Housing is one of the major determinants of health – indeed in the Atlee Government, Bevan was Minister for Health and Housing. The quality of housing (e.g. damp) impacts on health, as does tenure (with private occupiers usually exhibiting better health than renters). The cost of housing – both in terms of purchasing and renting – has increased well-above inflation in the UK since the early 1990s. Rents are now considered to be extremely high and in some areas simply unaffordable for large swathes of the population. Much of this increase has been taken on by the tax payer in terms of housing benefit – a subsidy to private landlords.

    Evidence suggests that making homes warmer can lead to improvements in health. Improved energy efficiency can reduce fuel bills, freeing up extra money to spend on essential items such as food. High rents also take money away from households. Rent regulation could also improve the wellbeing of vulnerable households by again increasing the amount of money available to spend on other items such as food and clothing.

    Restoring rent controls would be an efficient way of reducing the housing benefit bill, whilst protecting tenants. Other policies, such as the welfare cap, merely penalise benefit recipients and have no impact on landlord behaviours.

    The quality of private rental properties varies widely, but also follows a social gradient with the poorest renters inhabiting the lowest quality properties. Proper local regulation of housing standards would reduce the ill health burden of substandard housing conditions.

    The Labour Party has already made a commitment to abolish the Bedroom Tax – these further housing reforms would make a fuller healthy housing policy.

    8. Making work pay

    Low income is the most important determinant of poor health. One of the great achievements of the last Labour Government was the introduction of the minimum wage. Despite cries from the opposition, there have been no detrimental economic effects, and for a significant minority of the workforce, it represented a large increase in pay. However, it is well known that the minimum wage is not yet a living wage and that in work poverty is still significant: 46 per cent of adults in working families in poverty are in families where at least one earner is paid below the living wage. There is little scope for these adults to work more hours to escape poverty; they will need higher pay. A Labour Government should pass legislation that sees the minimum wage become a living wage.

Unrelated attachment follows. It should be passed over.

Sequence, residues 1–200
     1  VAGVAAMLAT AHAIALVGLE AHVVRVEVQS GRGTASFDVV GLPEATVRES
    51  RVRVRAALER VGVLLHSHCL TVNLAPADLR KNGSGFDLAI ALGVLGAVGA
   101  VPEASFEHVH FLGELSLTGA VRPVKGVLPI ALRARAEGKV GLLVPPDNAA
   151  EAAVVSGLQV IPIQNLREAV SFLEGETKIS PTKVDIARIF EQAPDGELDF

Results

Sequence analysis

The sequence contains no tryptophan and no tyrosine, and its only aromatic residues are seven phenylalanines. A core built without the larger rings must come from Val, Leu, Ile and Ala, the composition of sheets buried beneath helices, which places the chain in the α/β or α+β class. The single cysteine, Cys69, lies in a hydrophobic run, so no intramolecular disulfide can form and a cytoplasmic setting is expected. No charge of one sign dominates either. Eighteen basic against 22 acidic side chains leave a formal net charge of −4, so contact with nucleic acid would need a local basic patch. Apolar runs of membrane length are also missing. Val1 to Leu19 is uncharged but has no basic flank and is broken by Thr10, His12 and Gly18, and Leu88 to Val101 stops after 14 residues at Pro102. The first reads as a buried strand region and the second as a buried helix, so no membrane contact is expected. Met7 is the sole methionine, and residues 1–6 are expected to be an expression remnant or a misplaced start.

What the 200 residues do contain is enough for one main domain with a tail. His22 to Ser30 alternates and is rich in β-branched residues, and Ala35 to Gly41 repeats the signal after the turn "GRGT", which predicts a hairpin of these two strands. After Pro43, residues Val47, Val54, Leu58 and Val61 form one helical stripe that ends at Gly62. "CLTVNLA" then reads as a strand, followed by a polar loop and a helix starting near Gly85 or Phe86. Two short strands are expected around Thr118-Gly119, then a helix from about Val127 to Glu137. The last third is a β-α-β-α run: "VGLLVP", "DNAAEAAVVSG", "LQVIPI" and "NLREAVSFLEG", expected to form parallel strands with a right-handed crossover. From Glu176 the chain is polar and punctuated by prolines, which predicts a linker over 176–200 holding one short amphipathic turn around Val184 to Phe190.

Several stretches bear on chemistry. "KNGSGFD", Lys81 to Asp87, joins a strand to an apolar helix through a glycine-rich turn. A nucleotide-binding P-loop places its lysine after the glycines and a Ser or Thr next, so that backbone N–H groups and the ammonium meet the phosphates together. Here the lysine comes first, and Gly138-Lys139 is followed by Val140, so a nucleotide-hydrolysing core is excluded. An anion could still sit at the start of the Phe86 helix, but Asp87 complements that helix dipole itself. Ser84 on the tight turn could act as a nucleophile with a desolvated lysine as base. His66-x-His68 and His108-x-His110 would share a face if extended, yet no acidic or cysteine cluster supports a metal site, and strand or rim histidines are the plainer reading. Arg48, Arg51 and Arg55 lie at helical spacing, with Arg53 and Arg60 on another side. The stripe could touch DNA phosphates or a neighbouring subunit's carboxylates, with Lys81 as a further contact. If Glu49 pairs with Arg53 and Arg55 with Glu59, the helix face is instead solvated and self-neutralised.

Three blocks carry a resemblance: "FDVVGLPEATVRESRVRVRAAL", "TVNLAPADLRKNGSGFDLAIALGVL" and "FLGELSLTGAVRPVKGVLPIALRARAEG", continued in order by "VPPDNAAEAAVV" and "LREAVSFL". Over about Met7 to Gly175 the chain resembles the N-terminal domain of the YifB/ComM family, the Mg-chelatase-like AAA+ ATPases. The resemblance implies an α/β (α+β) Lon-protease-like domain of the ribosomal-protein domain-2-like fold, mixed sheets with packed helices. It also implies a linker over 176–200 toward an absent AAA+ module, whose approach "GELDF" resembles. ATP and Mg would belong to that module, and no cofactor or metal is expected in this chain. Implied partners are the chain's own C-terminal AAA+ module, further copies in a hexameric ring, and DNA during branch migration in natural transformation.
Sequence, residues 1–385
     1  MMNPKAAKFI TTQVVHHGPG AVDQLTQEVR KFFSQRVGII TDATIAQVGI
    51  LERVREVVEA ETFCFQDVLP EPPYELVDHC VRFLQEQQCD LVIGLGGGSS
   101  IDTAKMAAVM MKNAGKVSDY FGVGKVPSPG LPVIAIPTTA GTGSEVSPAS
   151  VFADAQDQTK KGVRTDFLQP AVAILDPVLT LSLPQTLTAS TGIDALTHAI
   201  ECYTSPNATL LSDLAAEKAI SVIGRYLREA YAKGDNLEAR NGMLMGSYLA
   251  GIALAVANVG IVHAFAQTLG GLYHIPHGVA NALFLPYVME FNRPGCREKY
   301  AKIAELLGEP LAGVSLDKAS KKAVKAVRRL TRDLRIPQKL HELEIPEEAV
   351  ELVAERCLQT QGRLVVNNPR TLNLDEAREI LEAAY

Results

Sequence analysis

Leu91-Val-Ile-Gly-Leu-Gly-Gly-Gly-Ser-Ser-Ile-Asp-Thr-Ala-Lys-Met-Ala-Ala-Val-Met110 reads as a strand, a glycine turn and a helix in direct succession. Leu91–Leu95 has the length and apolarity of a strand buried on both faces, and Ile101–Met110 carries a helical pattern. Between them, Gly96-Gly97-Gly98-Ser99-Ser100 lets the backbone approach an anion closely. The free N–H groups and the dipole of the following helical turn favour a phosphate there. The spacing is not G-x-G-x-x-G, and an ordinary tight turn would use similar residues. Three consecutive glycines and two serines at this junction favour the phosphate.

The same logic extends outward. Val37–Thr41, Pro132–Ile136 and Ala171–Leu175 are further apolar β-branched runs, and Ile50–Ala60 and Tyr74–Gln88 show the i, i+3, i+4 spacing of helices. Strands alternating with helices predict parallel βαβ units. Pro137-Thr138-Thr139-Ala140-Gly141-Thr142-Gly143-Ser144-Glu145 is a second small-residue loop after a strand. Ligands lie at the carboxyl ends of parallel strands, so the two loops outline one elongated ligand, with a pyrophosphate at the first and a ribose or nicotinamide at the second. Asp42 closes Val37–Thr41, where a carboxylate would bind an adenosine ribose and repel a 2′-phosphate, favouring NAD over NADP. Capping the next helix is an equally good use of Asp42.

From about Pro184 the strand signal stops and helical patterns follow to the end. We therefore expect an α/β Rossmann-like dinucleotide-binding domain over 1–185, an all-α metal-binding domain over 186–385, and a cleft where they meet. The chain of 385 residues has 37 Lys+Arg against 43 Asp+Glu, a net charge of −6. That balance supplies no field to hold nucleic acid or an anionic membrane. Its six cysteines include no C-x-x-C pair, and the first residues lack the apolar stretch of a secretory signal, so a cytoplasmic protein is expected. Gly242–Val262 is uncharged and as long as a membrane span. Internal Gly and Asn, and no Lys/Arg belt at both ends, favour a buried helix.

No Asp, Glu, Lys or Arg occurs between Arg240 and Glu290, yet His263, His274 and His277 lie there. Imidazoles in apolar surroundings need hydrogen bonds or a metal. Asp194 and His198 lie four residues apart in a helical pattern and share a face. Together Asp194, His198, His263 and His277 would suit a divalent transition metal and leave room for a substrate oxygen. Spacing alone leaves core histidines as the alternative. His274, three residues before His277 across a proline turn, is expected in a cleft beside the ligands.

9. Minimum Income for Health Living (MIHL)

    The Marmot Review proposed a minimum income for healthy living so that everyone – whether they are in work or on welfare – would receive enough money/vouchers/support to ensure a healthy lifestyle. This was the only recommendation of the Marmot Review that the Coalition government did not endorse. Research has shown that the value of out-of-work benefits paid to the unemployed can be important factors in whether unemployment leads to an increased risk of ill health. This means that there is a need to improve the value and accessibility of benefits from a health perspective. This has led to calls for a minimum income for healthy living (MIHL) which will ensure that there is a right to a certain standard of living for those on benefits. A Labour Government should examine how to implement the MIHL.

    10. Decreasing debt

    Although unable to access mainstream credit, many people on low incomes require credit to ‘get by’ and therefore turn to alternative lenders, generally high-cost credit sources (e.g. doorstep lenders, pawnbrokers, and payday loans). In low income households, credit is used to get by as welfare benefits and/or wages are not sufficient.

    Debt has also been linked to suicide, poorer self-rated physical health, long term illness or disability, back pain, obesity and health related quality of life.

    Credit unions offer low-rate, small loans, and can have a positive influence on the financial capability and wellbeing of their members. To decrease the health problems associated with debt, the Labour Party should look to supporting Credit Unions as well as capping the loan rates of commercial providers.

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    This article has been republished as requested by Dr Tony O’Sullivan, co-chair KONP

    This is reproduced by kind permission from the wonderful  Municipal Dreams blog.   @MunicipalDreams